7 Skills You Need for Professional Success, According to a CEO

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Owning a small business takes more than just a good idea. It takes courage, an ability to strategize, and lots of confidence, too. Business-owner Carolina Aponte knows this firsthand and wrote Pave Your Own Way: Thirteen Skills to Create Your Professional Success. Her book not only details her own career journey, but it teaches others how to thrive in any professional field by developing certain skills. 

“I was born in Caracas, Venezuela, and at the age of 13, my family moved to Miami, Florida,” Aponte tells CircleAround. Aponte attended middle school and part of high school in the United States but had to move back to Venezuela before she could finish. Four years later, she found her way back to Miami without a high school degree but with plenty of determination to make it on her own and to be financially independent. 

Now, she’s the CEO of Caja Holdings LLC, a full-service accounting and bookkeeping firm based in North Carolina. “Every step I took was a step forward toward building my business and living my purpose while helping other women achieve their own dreams and goals,” says Aponte. 

CircleAround caught up with Aponte to learn more about the skills she recommends developing for professional success. 

1. Leadership

Aponte says she leads by example, and that this is one of the most important skills anyone can possess. She used her extensive understanding of tax codes, accounting, and business management to start her small consulting company, which provides clients with practical, internal accounting and tax-reporting solutions. In doing so, she exemplifies that women have the power to expand their business on their own, and support others in the process.

Aponte also suggests that people can practice leadership in smaller ways, such as leading volunteer committees, or being mentors at their jobs. 

2. Communication

“As a CEO, you must be able to communicate effectively with employees, customers, and the general public in a timely and relevant manner,” says Aponte. This is important for getting your message across, and ensuring your team is on board for any plans or strategies you are implementing.

Listening is also an important communication skill and will allow you to truly understand the needs of your staff, clients, audiences, and more. 

3. Public Speaking

Aponte is often asked to speak at major events about her story and to motivate others. Being able to get up in front of a crowd and speak effectively can help instill confidence in you, your company, and your company’s mission.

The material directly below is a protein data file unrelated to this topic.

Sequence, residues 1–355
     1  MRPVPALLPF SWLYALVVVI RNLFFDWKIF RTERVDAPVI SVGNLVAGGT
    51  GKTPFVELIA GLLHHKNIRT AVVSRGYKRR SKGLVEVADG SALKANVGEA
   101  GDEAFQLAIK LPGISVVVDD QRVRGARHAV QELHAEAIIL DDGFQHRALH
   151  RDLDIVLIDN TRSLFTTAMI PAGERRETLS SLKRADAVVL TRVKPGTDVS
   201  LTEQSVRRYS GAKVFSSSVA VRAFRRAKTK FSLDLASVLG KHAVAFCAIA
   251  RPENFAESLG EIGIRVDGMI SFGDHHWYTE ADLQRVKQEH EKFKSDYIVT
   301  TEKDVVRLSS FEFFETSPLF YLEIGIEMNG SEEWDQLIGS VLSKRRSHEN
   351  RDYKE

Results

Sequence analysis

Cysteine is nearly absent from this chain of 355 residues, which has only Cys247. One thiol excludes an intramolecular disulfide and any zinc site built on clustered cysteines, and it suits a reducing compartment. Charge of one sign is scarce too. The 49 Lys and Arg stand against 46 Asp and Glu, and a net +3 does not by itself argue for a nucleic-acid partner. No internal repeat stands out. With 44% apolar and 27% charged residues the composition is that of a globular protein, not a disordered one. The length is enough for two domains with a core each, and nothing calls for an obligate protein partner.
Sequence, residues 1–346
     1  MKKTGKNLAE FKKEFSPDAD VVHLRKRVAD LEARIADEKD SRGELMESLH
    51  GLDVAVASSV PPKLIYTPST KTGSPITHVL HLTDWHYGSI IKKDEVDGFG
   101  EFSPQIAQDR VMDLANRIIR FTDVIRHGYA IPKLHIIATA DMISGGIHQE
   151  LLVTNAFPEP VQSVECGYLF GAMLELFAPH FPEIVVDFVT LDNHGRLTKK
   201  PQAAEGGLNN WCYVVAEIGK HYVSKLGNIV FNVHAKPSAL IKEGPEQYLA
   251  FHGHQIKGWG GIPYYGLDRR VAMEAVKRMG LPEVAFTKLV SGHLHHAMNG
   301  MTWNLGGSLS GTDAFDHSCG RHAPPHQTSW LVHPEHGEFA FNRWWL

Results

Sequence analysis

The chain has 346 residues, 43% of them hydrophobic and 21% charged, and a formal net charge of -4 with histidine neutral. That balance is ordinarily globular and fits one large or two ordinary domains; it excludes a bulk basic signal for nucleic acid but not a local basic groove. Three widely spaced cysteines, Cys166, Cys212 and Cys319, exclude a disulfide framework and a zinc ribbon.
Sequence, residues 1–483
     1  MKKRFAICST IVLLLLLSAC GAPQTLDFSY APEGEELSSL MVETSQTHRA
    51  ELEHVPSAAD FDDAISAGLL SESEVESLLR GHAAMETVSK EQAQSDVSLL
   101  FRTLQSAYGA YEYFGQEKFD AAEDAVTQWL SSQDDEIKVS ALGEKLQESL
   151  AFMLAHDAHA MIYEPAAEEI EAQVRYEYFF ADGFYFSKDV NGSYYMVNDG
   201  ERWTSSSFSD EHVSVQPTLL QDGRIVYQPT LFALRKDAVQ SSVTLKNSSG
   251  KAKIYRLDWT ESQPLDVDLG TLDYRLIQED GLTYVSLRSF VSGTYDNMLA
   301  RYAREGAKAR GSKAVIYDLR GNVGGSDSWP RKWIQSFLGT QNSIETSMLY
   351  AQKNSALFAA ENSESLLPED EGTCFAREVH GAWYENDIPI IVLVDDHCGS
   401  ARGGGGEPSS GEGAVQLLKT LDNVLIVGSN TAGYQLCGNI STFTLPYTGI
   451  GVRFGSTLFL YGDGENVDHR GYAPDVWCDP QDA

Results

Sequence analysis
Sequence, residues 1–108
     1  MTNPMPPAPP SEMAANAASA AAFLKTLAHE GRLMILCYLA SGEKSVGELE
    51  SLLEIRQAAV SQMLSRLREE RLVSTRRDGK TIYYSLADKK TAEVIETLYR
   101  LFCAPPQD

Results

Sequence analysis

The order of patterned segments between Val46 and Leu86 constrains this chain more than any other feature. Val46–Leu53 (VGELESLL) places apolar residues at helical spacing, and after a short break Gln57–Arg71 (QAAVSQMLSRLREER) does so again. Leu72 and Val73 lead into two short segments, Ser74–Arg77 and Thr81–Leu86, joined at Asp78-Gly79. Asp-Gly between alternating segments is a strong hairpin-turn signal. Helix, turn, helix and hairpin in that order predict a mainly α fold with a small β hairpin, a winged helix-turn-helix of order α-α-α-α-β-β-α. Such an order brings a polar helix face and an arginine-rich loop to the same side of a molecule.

To get better at public speaking, try rehearsing presentations ahead of time. You can practice in front of a mirror or a computer screen. The more you look over what you’re presenting, the more comfortable you’ll feel when the time comes to get in front of an audience.

4. Time Management

For Aponte, a balance between work and life is incredibly important. However, being able to manage one’s personal time and work time is a learned skill. “The biggest reward has been the freedom to actively participate in the lives of my daughters,” she explains. She takes pride in managing her time effectively so she can set an example for them, and so “that they can be financially independent while pursuing their career dreams.”

Keeping a planner or a to-do list of short-term goals will help you eventually manage time for larger, longer-term projects as well. Calendar reminders, phone timers, and more can give you a visual cue for when to switch tasks.

5. Problem-Solving

Being able to be flexible, fluid, and communicate effectively helps the best leaders problem-solve. By utilizing her problem-solving skills, Aponte is able to ensure her clients’ issues are handled in an appropriate manner and by the appropriate people.

6. Networking

Aponte had previously been selected to participate in the Goldman Sachs 10,000 Small Business Entrepreneurship program. “This was a highlight of my career where I was able to develop a growth opportunity for my business and collaborate with successful business owners across the United States,” says Aponte. 

Start networking within your own community; ask friends and family members if they can introduce you to someone that might be of interest — professionally or otherwise. From there, you can continue to ask for references and make connections, especially online using social media.

7. Trailblazing

“Look at where you are today, what you have accomplished, what you are still wanting to achieve,” Aponte says. In order to be a trailblazer, she knows it’s important to “remove all doubts, stop the negative voices in your head, and begin working toward paving your own way toward success.” Learning the ins-and-outs of your field to identify the gaps can help you see where to focus your energy. Doing things that aren't yet being done can help you become a trailblazer in your industry and beyond.

Tags: Tips from Women Executives

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Written By

Katka Lapelosová

Katka is a writer from New York City, currently living in Belgrade, Serbia. See Full Bio

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